[I’ve handled jobs ranging from a few days to many months. One government ship project was in for nearly 11 months, stepping in to run the entire project when my project manager’s wife became ill]. That was an experience, to say the least, because that was actually one of my first superintendent jobs for a big government contract. That whole learning curve was essentially being thrown into the fire, to get the job done, efficiently, making sure you're maintaining a good balance of spending money, saving money, and pleasing the customer, because MSC is a big client of ours. That's a small example.
A really specific one I can give you was for the Juice Express, the Seatrade tanker that came in for a standard 10-day package. It was a five-year, change the shaft seal, replace the blade seals, etc., job. They also had a paint item, and they thought they were going to get a shave and a haircut and leave for their underwater paint. But they came here and their entire system on the flat bottom had failed, and there were barnacles covering about 75% of the bottom of the ship. Not only did I not know what to do at first, but I had to figure it out because they needed to leave in 10 days. Their charter was in Tampa, and they needed to be there on the 23rd at 8:00 AM.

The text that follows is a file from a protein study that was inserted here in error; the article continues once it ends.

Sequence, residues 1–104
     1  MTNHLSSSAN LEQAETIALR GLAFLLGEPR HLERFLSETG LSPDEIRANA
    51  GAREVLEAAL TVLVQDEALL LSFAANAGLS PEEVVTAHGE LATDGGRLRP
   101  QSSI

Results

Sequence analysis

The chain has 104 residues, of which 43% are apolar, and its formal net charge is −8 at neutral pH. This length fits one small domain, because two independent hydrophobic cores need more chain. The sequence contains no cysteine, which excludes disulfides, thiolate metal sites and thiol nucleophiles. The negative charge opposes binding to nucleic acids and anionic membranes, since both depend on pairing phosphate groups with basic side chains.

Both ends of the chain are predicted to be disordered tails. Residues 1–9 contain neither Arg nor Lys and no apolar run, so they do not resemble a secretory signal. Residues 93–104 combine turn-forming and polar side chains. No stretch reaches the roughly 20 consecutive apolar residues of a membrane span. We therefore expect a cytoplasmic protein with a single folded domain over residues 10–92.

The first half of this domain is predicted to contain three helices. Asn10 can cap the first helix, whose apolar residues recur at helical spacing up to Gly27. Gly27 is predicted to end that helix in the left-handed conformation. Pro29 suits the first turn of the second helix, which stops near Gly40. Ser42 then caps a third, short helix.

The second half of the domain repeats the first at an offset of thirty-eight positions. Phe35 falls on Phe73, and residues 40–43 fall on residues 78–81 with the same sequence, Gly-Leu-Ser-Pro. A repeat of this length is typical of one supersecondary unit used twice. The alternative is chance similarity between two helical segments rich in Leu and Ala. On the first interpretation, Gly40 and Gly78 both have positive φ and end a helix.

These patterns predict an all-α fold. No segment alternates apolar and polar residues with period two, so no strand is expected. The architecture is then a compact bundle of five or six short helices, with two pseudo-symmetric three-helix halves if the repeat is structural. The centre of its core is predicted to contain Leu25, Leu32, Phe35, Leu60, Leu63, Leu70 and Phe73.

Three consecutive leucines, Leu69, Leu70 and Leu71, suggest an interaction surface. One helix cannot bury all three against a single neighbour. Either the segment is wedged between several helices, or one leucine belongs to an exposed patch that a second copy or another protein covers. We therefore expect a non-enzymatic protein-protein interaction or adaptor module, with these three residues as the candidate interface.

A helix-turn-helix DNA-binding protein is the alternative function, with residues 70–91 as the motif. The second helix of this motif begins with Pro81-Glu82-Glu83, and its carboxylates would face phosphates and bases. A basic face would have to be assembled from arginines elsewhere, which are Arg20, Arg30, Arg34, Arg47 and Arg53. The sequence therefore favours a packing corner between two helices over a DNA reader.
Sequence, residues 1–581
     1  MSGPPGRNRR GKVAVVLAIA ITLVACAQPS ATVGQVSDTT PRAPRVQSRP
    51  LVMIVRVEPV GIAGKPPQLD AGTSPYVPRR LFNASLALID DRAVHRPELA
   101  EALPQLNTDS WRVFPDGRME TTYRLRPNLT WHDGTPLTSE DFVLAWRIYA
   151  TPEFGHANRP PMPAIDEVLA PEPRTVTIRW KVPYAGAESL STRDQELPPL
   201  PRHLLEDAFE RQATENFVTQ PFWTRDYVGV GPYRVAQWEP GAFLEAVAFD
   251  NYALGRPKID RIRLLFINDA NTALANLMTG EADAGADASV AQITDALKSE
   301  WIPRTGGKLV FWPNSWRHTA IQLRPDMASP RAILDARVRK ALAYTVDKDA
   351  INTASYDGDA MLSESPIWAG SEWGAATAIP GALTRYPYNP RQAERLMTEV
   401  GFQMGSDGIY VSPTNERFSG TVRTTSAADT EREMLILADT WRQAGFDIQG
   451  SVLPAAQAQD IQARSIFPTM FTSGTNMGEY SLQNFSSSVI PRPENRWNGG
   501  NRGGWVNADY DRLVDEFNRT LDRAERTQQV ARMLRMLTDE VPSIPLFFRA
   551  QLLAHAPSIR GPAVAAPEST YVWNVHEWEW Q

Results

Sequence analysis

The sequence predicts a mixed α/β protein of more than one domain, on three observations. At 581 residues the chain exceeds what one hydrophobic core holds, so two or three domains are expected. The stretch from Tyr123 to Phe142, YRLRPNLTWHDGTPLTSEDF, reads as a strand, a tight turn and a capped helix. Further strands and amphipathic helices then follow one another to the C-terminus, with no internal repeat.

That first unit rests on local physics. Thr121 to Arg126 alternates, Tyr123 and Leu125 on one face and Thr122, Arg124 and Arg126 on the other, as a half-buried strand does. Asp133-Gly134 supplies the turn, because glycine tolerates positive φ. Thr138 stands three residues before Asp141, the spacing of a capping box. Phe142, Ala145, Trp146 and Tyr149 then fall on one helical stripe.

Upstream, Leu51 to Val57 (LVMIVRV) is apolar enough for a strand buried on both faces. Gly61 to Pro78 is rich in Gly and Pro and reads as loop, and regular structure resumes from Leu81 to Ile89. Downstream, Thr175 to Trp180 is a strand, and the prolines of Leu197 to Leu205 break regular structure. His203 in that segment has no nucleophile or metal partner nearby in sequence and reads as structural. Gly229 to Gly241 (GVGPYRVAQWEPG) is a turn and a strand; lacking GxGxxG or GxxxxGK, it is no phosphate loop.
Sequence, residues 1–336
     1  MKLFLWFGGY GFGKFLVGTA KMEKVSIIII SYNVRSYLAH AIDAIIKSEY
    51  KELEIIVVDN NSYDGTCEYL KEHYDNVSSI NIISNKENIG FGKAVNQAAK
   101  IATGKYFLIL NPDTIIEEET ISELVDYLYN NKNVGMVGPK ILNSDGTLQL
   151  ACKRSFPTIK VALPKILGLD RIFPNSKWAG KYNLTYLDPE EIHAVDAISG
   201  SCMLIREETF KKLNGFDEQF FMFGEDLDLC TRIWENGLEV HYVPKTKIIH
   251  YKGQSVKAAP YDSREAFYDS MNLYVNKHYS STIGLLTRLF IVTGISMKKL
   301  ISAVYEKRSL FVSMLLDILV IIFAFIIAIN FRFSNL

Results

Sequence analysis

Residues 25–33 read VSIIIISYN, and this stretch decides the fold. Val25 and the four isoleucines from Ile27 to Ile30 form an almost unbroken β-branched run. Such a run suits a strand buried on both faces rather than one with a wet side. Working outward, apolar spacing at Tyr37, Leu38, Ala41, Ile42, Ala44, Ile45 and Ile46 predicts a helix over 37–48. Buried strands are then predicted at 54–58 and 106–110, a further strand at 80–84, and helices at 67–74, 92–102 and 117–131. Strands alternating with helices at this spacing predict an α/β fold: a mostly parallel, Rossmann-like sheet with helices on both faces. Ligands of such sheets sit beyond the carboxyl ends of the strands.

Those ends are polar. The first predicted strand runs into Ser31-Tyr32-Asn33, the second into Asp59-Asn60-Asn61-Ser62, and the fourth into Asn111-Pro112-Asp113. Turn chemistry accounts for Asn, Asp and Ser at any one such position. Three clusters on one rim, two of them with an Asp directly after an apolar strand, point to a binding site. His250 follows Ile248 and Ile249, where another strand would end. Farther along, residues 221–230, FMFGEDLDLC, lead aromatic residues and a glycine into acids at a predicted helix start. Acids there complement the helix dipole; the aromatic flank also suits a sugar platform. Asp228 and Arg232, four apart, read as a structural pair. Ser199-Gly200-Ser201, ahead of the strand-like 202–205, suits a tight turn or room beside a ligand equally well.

The biggest challenge that I faced was working with our subcontractors, obtaining quotes, making sure that they could do everything that was necessary. Once I got that quote, it had to be negotiated again with the port engineer as they obviously want to spend the least money as possible. So, you really learn a different side of business as a Project Manager; you grow and it really molds you into an awesome business manager and leader in general, especially becoming really good at negotiating.
Overall, though, you really have to be there 24/7, no matter what. It's a grind, but it's everything that I wished for; everything that I craved as a leader, and it's the perfect job for me. I'm utilizing all my tools and resources; all of my past learning. Every day there’s a new thing to learn. I couldn't more blessed for the opportunity to work here+.